Tool Time: Sanctimonious Cyclist Misinterprets the California Vehicle Code, as Many Have Before Him

This wasn’t a temporary thing or nothing, this is just the way this guy rolls – like right down the center of the lane, block after block.

A fairly wide lane, IMO. A lot wider than what they’re giving you these days on the new and so-called “improved”* DivCo (Divisidero Corridor, srsly) where cyclists “take the lane” whether they want to or not, whether they’re in the door-zone or not.

Oh well.

Click to expand

*”Improved” in this case means widening the useless median and narrowing the slow lanes. Oh well.

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6 Responses to “Tool Time: Sanctimonious Cyclist Misinterprets the California Vehicle Code, as Many Have Before Him”

  1. anon says:

    Although the cyclist is pretty far over, once you are “doored” (someone swings their door open, causing the cyclist to smash into it) it feels safer to be well out of the way of car doors.

  2. sfcitizen says:

    Fair enough.

    I’ve been doored. And I’ve been passenger-doored as well. (Don’t understand all the legalities of who’s at fault when a cyclist hits a passenger door in CA, oh well. Certainly ambiguous the way the law is written.)

    Try riding the new DivCo sometime, if you wish.

    Anyway, what I’m describing above violates the CVC, IMO…

  3. basho says:

    What’s the difference between doored and passenger-doored? Do you mean the driver door vs the other 3? Or left side vs right side?

    Anyway, I’m not going to look it up and cite the specific legal code, but as I understand it, occupants of a car (passenger or otherwise) must ensure that the roadway is clear and that it is safe before opening car doors. So there’s no ambiguity about who’s at fault when a cyclist is doored (passenger or otherwise).

    As for taking the lane, yes the law is ambiguous, stating that cyclists must stay as far right as reasonably possibly as conditions allow, or words to that effect. In the photo above, sure he could be a couple more feet over, but it doesn’t look like he’s causing a traffic jam. Anymore than the double parked cars that are inevitable every couple of blocks.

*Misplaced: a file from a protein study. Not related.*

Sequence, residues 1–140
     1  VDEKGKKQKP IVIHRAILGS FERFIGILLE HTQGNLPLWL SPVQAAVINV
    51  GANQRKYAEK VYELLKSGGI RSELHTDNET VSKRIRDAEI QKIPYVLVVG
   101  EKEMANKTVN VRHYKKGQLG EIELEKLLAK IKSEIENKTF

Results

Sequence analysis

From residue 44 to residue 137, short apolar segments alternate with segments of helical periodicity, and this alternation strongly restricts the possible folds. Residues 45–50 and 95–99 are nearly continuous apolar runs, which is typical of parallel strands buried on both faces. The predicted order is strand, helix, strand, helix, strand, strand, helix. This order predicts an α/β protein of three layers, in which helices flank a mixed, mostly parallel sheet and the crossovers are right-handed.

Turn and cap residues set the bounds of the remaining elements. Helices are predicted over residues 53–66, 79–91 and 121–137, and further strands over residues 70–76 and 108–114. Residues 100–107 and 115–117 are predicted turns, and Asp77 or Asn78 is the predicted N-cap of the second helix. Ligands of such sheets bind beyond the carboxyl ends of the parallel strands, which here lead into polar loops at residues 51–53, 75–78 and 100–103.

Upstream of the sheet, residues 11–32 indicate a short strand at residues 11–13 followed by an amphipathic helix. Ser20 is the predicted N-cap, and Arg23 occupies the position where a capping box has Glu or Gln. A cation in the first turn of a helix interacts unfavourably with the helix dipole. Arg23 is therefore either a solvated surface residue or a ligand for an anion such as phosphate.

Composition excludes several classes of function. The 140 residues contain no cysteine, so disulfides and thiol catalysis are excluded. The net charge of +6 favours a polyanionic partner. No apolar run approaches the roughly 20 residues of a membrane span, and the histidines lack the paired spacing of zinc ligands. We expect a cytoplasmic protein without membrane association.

4. sfcitizen says:

    Left vs. right side.

    SO you don’t have the time to google it but you do have the time to correct me? O.K.

    The ambiguity is “the side available to moving traffic.”

    Agree that the typical dooring case is not the cyclist’s fault by definition in CA.

    The standard is not whether or he’s causing a traffic jam. He’s lollygagging in the middle of a fairly wide lane is what he’s doing.

    Double parking is against the CVC as well of course…

    “V C Section 22517 Opening and Closing Doors
    Opening and Closing Doors
    22517. No person shall open the door of a vehicle on the side available to moving traffic unless it is reasonably safe to do so and can be done without interfering with the movement of such traffic, nor shall any person leave a door open upon the side of a vehicle available to moving traffic for a period of time longer than necessary to load or unload passengers.

    Amended Ch. 162, Stats. 1963. Effective September 20, 1963.

  5. basho says:

    Right side of car, okay. That can be a real issue, since those passengers are maybe less likely to look for bikes, especially when they’re trying to quickly hop out of a car that’s stopped a light or stop sign. But since bikes are allowed to ride between the car lane and parked cars (even when there isn’t a striped bike lane), wouldn’t that constitute “moving traffic?” Probably the vehicle code you cite means to allow leaving your door open to the sidewalk when parked at the curb.

  6. sfcitizen says:

    Agree about the intent of the law, originally written back in the 1960’s. Agree that bikes are traffic.

    Where this happens a lot is on inbound Market near bus stops. The speed limit is 10mph when buses are parked in the next lane, I think.